A three-story burial chapel from the 1800s in Hartford is being sold for $1.
Congregation Beth Israel has been trying to knock it down for years and hopes the price will attract an eager buyer.
The 136-year-old Deborah Chapel in Beth Israel Cemetery was built by women in the 1800s. A caretaker lived in the top-floor apartment.
The brick and brownstone structure is among the 11 most endangered historic properties in the United States, according to the National Trust for Historic Preservation.
“I would honestly give them five bucks, I think that’s cool,” Derek Zemel said.
Zemel traveled to the Frog Hollow neighborhood with his partner and expressed interest in purchasing the building.
The catch: Congregation Beth Israel said the buyer will have to pick it up for a price well above the asking price.
Zemel said they drove about four hours from Maine just to check. He said he and his partner were redoing a campground in Maine and turning it into a wedding venue.
“We talked about doing an old western with a church. Imagine bringing the building to Maine and making it what it is and making it this historic little town,” Zemel said.
“People don’t care enough about making things look good, like this building, it’s beautiful,” said Zemel partner Kerren Raia. “You build something today, it’s square, it’s boring.”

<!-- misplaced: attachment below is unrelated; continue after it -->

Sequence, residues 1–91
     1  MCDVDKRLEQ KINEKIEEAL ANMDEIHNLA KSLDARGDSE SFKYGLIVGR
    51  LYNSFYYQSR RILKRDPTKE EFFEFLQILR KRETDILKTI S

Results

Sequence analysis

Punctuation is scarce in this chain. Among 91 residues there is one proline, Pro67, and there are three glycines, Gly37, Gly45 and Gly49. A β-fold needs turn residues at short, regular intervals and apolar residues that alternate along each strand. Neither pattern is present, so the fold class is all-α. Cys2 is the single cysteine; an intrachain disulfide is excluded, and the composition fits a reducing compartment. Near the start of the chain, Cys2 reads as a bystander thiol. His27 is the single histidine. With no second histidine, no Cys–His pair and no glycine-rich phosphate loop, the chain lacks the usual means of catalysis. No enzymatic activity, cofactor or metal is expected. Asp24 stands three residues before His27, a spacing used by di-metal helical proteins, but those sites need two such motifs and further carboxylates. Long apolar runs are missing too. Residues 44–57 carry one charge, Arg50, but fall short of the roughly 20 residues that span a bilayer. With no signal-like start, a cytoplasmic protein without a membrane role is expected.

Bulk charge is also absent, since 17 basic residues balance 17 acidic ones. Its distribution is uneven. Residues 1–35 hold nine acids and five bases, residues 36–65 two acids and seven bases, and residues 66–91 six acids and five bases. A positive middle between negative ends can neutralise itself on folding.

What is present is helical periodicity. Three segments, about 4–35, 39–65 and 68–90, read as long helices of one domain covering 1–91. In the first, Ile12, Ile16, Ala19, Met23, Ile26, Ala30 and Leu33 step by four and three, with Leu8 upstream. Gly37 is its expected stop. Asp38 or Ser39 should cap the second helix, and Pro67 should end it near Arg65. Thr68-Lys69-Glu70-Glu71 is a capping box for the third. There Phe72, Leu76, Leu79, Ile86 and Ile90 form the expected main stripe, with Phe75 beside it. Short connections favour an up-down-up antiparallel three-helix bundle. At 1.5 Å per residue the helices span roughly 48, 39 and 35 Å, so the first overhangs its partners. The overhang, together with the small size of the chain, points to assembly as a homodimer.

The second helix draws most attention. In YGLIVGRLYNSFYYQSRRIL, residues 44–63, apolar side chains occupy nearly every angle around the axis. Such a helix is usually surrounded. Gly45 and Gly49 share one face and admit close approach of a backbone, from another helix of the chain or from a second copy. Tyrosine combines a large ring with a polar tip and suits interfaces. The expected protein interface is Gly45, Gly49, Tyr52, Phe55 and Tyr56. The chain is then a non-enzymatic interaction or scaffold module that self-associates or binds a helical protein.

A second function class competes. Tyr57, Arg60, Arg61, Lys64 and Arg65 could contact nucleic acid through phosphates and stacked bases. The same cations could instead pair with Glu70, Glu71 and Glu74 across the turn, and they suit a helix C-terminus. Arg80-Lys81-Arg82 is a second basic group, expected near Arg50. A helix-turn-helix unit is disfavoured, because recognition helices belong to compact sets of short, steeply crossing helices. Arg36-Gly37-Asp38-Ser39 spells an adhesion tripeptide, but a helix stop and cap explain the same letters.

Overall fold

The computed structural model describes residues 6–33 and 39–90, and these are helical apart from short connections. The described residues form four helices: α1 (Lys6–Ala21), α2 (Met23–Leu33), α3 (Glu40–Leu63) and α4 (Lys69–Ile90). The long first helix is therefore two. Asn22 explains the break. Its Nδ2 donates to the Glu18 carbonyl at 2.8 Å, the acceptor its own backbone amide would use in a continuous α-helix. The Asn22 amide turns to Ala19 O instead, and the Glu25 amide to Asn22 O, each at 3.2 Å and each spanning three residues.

Carey Shea is co-founder of Friends of Zion Hill Cemetery and a key player in the drive to preserve the chapel. She said she offered to buy it and restore it to its original beauty, but the church turned her down.
“We’re not really advocating for withdrawal, we’re just glad people have these great ideas,” Shea said.
Anything that happens to the structure must be approved by the Historic Preservation Commission, which says it’s glad to see people taking an interest in it and learning more about why the building is worth preserving.
“We would hate to lose it from Hartford. It’s such an important building for Hartford, but at the end of the day, if that’s the only thing that’s going to save the building, then we have to be open to all those kinds of possibilities,” said Mary A. Falvey, executive director of the Hartford Preservation Alliance.
Congregation Beth Israel has been pushing for its demolition for more than a decade. NBC Connecticut has asked for comment but has not yet received a response.
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